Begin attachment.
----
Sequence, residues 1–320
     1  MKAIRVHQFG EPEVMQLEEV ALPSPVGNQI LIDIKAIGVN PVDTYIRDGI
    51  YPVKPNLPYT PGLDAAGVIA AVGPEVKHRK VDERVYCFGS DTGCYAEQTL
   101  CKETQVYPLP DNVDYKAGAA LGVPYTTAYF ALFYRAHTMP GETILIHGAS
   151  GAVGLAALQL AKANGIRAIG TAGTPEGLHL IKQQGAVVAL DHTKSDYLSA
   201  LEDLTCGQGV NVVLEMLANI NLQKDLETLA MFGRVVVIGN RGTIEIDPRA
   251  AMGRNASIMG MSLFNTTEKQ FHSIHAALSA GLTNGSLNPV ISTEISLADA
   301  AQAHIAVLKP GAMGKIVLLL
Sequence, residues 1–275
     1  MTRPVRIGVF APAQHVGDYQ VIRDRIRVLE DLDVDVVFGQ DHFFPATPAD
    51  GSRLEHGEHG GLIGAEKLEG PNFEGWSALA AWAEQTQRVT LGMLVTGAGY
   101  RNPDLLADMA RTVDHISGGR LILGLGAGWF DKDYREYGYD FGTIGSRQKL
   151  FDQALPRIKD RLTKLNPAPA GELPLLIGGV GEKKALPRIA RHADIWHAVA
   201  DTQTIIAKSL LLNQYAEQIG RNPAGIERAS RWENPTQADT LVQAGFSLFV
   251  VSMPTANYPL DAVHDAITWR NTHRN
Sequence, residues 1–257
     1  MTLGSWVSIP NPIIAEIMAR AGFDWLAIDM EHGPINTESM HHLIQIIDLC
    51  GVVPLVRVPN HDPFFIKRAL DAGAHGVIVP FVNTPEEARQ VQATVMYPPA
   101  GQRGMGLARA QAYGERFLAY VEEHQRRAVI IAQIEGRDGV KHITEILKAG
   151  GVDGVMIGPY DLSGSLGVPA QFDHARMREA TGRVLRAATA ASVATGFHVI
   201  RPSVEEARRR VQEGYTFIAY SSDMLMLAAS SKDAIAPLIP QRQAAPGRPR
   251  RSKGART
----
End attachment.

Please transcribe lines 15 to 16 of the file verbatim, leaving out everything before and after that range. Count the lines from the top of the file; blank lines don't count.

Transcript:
   251  VSMPTANYPL DAVHDAITWR NTHRN
Sequence, residues 1–257